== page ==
One of Doyle's early short stories, "J. Habakuk Jephson's Statement" (1884), helped to popularise the mystery of theÂ Mary Celeste.
His first work featuring Sherlock Holmes and Dr. Watson,Â A Study in Scarlet, was written in three weeks when he was 27 and was accepted for publication byÂ Ward Lock & CoÂ on 20 November 1886, which gave Doyle Â£25 (equivalent to Â£2,900 in 2019) in exchange for all rights to the story. The piece appeared a year later in theÂ Beeton's Christmas AnnualÂ and received good reviews inÂ The ScotsmanÂ and theÂ Glasgow Herald.
Holmes was partially modelled on Doyle's former university teacherÂ Joseph Bell.
In 1892, in a letter to Bell, Doyle wrote, "It is most certainly to you that I owe Sherlock HolmesÂ ... round the centre of deduction and inference and observation which I have heard you inculcate I have tried to build up a man",and in his 1924 autobiography, he remarked, "It is no wonder that after the study of such a character [viz., Bell] I used and amplified his methods when in later life I tried to build up a scientific detective who solved cases on his own merits and not through the folly of the criminal."
Robert Louis StevensonÂ was able to recognise the strong similarity betweenÂ Joseph BellÂ and Sherlock Holmes: "My compliments on your very ingenious and very interesting adventures of Sherlock Holmes.Â ... can this be my old friend Joe Bell?"
Other authors sometimes suggest additional influencesâ€”for instance,Â Edgar Allan Poe's characterÂ C. Auguste Dupin, who is mentioned, disparagingly, by Holmes inÂ A Study in Scarlet.
Dr. (John) Watson owes his surname, but not any other obvious characteristic, to a Portsmouth medical colleague of Doyle's, Dr. James Watson.
A sequel to A Study in Scarlet was commissioned, and The Sign of the Four appeared in Lippincott's Magazine in February 1890, under agreement with the Ward Lock company.
Doyle felt grievously exploited by Ward Lock as an author new to the publishing world, and so, after this, he left them.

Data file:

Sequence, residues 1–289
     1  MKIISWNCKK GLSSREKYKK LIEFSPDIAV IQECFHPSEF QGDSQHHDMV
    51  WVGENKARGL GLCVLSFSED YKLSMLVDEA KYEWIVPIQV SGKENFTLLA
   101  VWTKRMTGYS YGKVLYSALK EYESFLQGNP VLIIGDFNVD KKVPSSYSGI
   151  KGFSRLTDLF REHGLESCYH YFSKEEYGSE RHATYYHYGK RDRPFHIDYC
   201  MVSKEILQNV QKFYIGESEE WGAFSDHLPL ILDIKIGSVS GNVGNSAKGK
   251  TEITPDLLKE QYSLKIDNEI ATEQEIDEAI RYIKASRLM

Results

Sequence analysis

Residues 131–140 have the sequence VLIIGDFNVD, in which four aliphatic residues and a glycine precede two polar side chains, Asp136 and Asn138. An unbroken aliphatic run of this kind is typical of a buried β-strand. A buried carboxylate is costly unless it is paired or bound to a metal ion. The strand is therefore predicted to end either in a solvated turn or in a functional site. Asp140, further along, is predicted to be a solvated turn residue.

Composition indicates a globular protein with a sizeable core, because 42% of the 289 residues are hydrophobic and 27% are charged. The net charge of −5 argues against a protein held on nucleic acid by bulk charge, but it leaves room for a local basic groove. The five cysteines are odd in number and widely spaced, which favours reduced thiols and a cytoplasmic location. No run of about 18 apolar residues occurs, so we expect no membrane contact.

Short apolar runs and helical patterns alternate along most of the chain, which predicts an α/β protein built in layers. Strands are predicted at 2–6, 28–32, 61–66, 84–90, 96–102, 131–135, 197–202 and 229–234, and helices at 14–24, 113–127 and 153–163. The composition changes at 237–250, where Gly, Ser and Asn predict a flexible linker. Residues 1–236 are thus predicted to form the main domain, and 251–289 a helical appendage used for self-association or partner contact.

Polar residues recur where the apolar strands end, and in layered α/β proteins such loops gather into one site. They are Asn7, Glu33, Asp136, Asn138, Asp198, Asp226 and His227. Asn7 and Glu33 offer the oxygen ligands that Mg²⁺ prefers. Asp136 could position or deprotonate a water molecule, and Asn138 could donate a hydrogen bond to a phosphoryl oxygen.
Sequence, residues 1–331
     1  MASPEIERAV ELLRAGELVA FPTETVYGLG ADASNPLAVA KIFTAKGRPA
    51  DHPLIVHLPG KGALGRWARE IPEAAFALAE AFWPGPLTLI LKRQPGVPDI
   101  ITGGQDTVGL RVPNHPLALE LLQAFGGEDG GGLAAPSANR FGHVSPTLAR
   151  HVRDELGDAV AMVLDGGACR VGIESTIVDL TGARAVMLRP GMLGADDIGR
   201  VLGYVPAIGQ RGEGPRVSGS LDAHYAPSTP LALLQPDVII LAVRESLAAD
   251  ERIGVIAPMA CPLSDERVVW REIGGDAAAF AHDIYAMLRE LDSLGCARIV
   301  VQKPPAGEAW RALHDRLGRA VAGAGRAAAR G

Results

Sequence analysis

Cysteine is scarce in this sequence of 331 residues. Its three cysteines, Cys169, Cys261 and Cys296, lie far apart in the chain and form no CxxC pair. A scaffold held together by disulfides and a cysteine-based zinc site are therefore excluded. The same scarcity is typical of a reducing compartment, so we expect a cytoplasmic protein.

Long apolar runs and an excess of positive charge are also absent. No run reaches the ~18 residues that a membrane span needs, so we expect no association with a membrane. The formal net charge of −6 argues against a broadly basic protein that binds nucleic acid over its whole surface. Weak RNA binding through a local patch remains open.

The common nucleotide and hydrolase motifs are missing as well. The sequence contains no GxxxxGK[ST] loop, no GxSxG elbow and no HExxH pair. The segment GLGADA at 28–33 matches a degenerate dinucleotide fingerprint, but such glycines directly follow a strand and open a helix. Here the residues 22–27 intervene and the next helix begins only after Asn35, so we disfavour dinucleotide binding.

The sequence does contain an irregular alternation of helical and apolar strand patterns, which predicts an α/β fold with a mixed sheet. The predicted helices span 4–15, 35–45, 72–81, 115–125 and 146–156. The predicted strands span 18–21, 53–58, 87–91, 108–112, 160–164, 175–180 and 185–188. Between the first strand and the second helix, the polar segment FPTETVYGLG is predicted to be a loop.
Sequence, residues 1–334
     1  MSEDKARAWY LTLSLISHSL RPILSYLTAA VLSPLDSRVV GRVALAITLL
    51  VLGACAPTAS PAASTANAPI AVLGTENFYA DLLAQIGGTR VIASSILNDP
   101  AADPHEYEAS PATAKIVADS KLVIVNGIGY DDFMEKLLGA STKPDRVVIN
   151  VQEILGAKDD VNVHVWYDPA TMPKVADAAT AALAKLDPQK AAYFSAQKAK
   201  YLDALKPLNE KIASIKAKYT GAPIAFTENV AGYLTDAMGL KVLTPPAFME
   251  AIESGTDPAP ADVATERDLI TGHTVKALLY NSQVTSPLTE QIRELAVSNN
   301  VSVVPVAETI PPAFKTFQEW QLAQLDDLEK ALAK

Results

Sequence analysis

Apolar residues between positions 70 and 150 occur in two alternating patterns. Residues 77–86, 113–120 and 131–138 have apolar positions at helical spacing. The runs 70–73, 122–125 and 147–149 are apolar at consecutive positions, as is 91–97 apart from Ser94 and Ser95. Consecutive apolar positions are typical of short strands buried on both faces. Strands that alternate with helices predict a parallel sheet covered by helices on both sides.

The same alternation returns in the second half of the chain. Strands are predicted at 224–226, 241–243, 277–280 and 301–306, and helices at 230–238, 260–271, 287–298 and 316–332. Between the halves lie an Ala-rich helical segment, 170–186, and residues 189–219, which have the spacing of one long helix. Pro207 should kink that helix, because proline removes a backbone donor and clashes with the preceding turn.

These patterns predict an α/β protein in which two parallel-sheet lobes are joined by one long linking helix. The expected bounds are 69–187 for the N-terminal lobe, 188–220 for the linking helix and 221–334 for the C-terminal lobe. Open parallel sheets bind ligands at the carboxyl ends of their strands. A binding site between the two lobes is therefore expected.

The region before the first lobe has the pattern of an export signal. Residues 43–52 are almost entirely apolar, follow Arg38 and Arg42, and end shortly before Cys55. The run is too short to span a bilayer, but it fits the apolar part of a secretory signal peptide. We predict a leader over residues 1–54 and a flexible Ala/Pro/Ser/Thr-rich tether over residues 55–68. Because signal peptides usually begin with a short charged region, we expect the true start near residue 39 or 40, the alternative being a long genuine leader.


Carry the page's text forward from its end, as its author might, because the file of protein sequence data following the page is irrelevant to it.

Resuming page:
Short stories featuring Sherlock Holmes were published in the Strand Magazine. Doyle wrote the first five Holmes short stories from his office at 2 Upper Wimpole Street (then known as Devonshire Place), which is now marked by a memorial plaque.
Doyle's attitude towards his most famous creation was ambivalent. In November 1891, he wrote to his mother: "I think of slaying Holmes,Â ... and winding him up for good and all. He takes my mind from better things." His mother responded, "You won't! You can't! You mustn't!"
In an attempt to deflect publishers' demands for more Holmes stories, he raised his price to a level intended to discourage them, but found they were willing to pay even the large sums he asked.
As a result, he became one of the best-paid authors of his time.
Sherlock Holmes is a fictional detective created by British authorÂ Sir Arthur Conan Doyle. Referring to himself as a "consulting detective" in the stories, Holmes is known for his proficiency with observation, deduction,Â forensic scienceÂ andÂ logical reasoningÂ that borders on the fantastic, which he employs when investigating cases for a wide variety of clients, includingÂ Scotland Yard.
First appearing in print in 1887'sÂ A Study in Scarlet, the character's popularity became widespread with the first series of short stories inÂ The Strand Magazine, beginning with "A Scandal in Bohemia" in 1891; additional tales appeared from then until 1927, eventually totallingÂ four novels and 56 short stories. All but one[a]Â are set in theÂ VictorianÂ orÂ EdwardianÂ eras, between about 1880 and 1914. Most are narrated by the character of Holmes's friend and biographerÂ Dr. John H. Watson, who usually accompanies Holmes during his investigations and often shares quarters with him at the address ofÂ 221B Baker Street, London, where many of the stories begin.
Though not the first fictional detective, Sherlock Holmes is arguably the best known.
By the 1990s, there were already over 25,000 stage adaptations, films, television productions and publications featuring the detective, andÂ Guinness World RecordsÂ lists him as the most portrayed literary human character in film and television history.
Benedict Cumberbatch as Sherlock Holmes
Robert Downey Jr. as Sherlock Holmes
Yuko Takeuchi as Miss Sherlock
Holmes's popularity and fame are such that many have believed him to be not a fictional character but a real individual; numerous literary and fan societies have been founded onÂ this pretence.
Avid readers of the Holmes stories helped create the modern practice ofÂ fandom. The character and stories have had a profound and lasting effect onÂ mystery writingÂ andÂ popular cultureÂ as a whole, with the original tales as well as thousandsÂ written by authors other than Conan Doyle beingÂ adaptedÂ into stage and radio plays, television, films, video games, and other media for over one hundred years.